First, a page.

Businesses come up with all sorts of tricks to keep on making money and luring people to spend more. And believe me, it is a must if you want to stay relevant amidst all the competition these days. Even big brands become unknowns if they fail to innovate and keep up with the times. It happened with Nokia. Who would’ve thought that the most-loved mobile phone maker will be swallowed whole by Apple and Samsung and just about every other smartphone maker that followed suit? But then, it happened so we now know nothing is impossible in this world.
Aside from innovating, advertising is crucial so that consumers remember you first when they think of a product or service in your industry. Many got their eyes glued to advertising because of the influx of money in that industry and Walmart isn’t the type to get left behind. You’ve probably heard about Spotify making its attempt on it but you probably weren’t updated on Walmart’s subtle yet increasing growth in the field of advertising. Consumers who shop at Walmart whether both in-store or online are unaware how the company subtly diversified its offerings and they happened to be the pawn in this game of cash and brand recall.
With around 140 million people shopping at its 5,000 stores in the U.S. every week, Walmart is not just a retail giant. It is also a growing advertising platform that touts its ability to connect online consumer behavior and a mountain of in-store sales data that its biggest rival Amazonlacks.
Walmart wouldn’t provide executives to comment on this story, but conversations with agency executives revealed that Walmart is offering both insertion order-based media buys and programmatic display through Walmart Exchange, a media network the company introduced in 2014. Ad formats include banners, search ads, product listing ads and native ads in the “Sponsored Products” section on Walmart.com. Edward Yruma, managing director for investment bank KeyBanc, called Walmart’s advertising business an “underappreciated growth opportunity.” The company has been serving third-party display ads from other brands more often, rather than just promoting its own product offerings, according to Yruma.
This is actually working to Walmart’s advantage given that roughly 140 million people shop at over 5,000 Walmart stores each week. It’s not surprising that they are making headway in advertising given that they already have a regular audience to pitch those ads to. Today, the cash flow doesn’t just come from actual retail sales but also from them being an advertising platform – undeniably its edge over close rival, Amazon. Walmart is catching up with its e-commerce business that not only sells products but has become a lucrative ad vehicle.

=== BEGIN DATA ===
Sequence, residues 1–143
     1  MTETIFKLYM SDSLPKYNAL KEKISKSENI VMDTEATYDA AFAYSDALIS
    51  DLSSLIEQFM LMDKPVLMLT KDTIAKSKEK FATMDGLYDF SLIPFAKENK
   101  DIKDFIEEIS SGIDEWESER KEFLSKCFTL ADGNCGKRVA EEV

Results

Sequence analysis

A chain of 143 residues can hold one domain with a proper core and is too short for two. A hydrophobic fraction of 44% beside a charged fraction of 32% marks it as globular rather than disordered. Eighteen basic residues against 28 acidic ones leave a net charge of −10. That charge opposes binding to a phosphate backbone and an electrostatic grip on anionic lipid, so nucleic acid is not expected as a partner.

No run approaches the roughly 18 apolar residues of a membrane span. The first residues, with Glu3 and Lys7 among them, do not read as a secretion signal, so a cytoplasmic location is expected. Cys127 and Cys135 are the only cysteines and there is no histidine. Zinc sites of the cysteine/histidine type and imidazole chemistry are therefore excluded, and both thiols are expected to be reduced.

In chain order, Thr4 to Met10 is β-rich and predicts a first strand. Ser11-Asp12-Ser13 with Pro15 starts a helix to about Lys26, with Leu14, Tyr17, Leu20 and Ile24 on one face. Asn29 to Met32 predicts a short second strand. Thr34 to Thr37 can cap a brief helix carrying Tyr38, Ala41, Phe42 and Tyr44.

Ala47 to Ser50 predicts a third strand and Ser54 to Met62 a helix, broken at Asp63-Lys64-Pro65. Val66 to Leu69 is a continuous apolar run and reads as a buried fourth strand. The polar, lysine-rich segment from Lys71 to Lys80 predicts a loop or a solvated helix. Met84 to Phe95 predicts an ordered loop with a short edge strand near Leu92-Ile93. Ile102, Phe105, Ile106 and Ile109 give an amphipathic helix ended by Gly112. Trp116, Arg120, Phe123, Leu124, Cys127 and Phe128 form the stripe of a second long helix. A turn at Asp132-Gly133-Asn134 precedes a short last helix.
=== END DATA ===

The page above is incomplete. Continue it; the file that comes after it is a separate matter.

Walmart has discretely been fortifying its online advertising business, creating another revenue opportunity for the American retail giant.
The retailer’s website has started to display banners ads by third party advertisers at a higher rate, KeyBanc’s analyst Ed Yruma wrote in a note obtained by CNBC.
“We believe Walmart recently began intensifying focus on its advertising business,” Yruma wrote.
Additionally, Walmart has begun providing more in-depth data to its advertisers, including its in-store and online shopping information.
You may say that Walmart is already doing well just by selling stuff as it is but real success is only achieved by a brand that has managed to reinvent itself and adapt to the modern times. That’s the only way to grow and ensure survival in a market that is increasingly becoming more competitive and inhospitable to those who fail to adapt. Only entrepreneurs who have a vision of greatness for his company will look past the current circumstances and see the potential to what is already there. Hence, Walmart is on its way of conquering other niches and nothing’s stopping them as they harness their newfound advertising edge.